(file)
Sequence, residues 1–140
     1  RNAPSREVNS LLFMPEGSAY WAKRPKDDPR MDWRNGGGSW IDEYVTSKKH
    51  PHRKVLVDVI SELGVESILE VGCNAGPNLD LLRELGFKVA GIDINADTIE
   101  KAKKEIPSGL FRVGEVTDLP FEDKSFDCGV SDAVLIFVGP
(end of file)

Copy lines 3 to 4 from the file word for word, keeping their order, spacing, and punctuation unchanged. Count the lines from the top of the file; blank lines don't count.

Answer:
    51  PHRKVLVDVI SELGVESILE VGCNAGPNLD LLRELGFKVA GIDINADTIE
   101  KAKKEIPSGL FRVGEVTDLP FEDKSFDCGV SDAVLIFVGP